Emotion Is More Than Feeling
Emotion includes feeling, but is more than feeling.
In the literature on emotion, the terms “emotion” and “feeling” (and the more academic “affect”) are often used interchangeably. And even when they are not, there is not much agreement as to what they mean. Nevertheless, it’s important to distinguish feeling from emotion.
Feeling means the registering of sensation (e.g., the feeling of a stone in our hand or hunger pangs in our stomach), and it also refers to the registering of a specific sort of sensation: an innate noncognitive evaluative sensing that’s at the very core of emotion (e.g., the visceral feeling of fear or shame or joy).
“Noncognitive” means that no thinking processes are needed for the arising of feeling — even though thinking can certainly trigger feeling.
When it comes to the pure speed of something arising in us, thought lags far behind feeling. Someone cuts us off in traffic — and we already were having a bad day! — and a rush of rage surges through us almost instantaneously, prior to any thought, let alone appraisal, of the situation. Pure feeling in the adrenaline-saturated, raw, fiery coursing through us.
Feelings often burst forth before thoughts have even formed. The good news is that ultra-quick arousal readies us for instant action (like braking to avoid smashing into a car that just cut us off). The bad news is that such instant action gives us no time for any reevaluation of what’s just happened (like considering that maybe the driver who just cut us off is making an emergency dash to the hospital).
And here’s where emotion comes in, giving our feeling of rage at being cut off in traffic not just its intrinsic context of being thwarted or unjustly treated, but also a context that takes into account our entire history and relationship with anger, as well as other influences that may factor into the situation. We now have more options than just cutting loose or burning up with our rage; we have a choice, however conditioned our anger may be by our past.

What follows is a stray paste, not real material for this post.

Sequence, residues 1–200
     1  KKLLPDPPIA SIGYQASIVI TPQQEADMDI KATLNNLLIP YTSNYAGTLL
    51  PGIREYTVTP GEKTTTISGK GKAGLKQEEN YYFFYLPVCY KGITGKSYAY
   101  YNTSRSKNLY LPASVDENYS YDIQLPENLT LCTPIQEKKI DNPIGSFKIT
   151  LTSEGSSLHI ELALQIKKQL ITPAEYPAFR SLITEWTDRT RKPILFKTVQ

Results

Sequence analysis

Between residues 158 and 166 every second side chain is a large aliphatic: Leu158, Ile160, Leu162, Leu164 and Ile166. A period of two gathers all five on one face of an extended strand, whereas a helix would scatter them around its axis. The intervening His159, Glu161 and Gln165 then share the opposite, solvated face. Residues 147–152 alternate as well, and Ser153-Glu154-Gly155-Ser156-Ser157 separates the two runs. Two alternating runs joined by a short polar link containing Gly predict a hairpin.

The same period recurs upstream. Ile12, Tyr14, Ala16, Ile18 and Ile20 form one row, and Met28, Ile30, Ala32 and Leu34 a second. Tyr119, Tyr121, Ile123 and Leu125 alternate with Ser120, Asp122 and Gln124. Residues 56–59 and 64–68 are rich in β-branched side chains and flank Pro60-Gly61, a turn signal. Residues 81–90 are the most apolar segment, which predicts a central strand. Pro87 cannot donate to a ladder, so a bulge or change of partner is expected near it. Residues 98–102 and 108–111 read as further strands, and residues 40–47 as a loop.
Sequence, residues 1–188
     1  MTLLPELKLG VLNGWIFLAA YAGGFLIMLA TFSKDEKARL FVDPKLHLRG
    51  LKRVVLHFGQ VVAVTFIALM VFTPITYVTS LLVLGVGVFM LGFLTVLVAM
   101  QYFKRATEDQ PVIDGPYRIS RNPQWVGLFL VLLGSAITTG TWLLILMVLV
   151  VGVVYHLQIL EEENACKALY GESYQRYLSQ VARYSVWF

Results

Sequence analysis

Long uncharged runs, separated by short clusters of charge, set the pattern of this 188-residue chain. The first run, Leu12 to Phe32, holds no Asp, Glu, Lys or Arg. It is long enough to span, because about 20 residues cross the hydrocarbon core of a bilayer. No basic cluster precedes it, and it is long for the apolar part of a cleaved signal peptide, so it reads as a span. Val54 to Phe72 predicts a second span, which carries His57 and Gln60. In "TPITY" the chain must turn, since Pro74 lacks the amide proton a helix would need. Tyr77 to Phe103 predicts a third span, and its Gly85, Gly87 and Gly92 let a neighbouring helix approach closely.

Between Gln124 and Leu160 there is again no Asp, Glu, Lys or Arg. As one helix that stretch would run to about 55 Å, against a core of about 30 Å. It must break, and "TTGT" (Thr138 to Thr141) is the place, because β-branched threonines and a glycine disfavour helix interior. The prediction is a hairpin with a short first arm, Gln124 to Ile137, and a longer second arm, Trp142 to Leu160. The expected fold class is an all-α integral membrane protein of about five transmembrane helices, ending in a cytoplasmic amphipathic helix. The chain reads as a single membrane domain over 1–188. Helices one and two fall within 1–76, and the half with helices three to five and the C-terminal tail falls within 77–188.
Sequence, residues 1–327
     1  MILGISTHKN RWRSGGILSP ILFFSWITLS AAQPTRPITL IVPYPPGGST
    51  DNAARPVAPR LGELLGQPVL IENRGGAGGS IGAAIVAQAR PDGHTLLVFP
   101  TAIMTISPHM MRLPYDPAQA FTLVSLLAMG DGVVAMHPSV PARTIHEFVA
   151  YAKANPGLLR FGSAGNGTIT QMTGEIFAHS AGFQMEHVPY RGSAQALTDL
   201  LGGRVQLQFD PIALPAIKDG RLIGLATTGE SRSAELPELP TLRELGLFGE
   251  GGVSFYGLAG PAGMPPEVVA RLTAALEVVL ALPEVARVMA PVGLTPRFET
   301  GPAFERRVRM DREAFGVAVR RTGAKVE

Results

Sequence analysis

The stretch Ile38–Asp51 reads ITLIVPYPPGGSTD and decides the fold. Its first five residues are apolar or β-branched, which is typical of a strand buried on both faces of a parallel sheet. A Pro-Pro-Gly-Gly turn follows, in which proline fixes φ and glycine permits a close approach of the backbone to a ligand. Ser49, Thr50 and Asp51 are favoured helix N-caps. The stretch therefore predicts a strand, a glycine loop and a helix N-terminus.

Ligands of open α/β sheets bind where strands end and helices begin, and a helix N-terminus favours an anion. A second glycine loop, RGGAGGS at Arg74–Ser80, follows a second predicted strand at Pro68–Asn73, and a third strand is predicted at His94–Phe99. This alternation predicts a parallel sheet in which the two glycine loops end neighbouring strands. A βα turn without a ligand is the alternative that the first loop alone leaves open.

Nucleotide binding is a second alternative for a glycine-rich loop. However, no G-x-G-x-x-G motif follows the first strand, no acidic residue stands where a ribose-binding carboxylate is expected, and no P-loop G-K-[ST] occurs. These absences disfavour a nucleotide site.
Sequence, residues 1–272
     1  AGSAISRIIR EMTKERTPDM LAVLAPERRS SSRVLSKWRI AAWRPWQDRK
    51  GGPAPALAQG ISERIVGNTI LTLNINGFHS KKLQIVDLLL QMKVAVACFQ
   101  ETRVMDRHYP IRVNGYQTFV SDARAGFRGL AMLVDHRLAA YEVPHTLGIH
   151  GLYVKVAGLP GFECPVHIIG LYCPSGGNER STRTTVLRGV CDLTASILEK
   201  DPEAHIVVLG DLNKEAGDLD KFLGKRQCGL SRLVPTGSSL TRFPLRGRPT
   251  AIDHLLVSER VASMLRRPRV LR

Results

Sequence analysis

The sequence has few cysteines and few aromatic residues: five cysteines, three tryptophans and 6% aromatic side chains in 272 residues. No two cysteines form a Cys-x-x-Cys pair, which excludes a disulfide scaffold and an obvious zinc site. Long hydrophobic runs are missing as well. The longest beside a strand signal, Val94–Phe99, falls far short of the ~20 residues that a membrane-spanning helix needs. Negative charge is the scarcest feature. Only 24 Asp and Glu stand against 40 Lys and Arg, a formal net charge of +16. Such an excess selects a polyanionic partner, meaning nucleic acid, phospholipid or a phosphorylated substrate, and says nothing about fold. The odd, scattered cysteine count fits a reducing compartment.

Emotion includes not only feeling, cognition, social factors, and related action tendencies, but also the interplay between all four, making for a complex flux that eludes any neat mapping.
So to truly explore any emotion is to explore more than just the feeling of it.
For example, we need to be familiar—and not just intellectually familiar—with early-life dynamics that largely determine how we usually express a particular emotion under certain conditions. We also need to feel into and relate to those times with enough presence and care so that they have less say in how we now deal with the emotion in question.
If we’re not aware of the actual perspective with which we tend to infuse or hold a certain emotion, we’re likely to express it in ways established long ago, often by our parents. Not being sufficiently aware of the social factors (both current and past) affecting our emotional expression means we’ll probably let them play a governing role in such expression.
Emotion is the dramatization of feeling.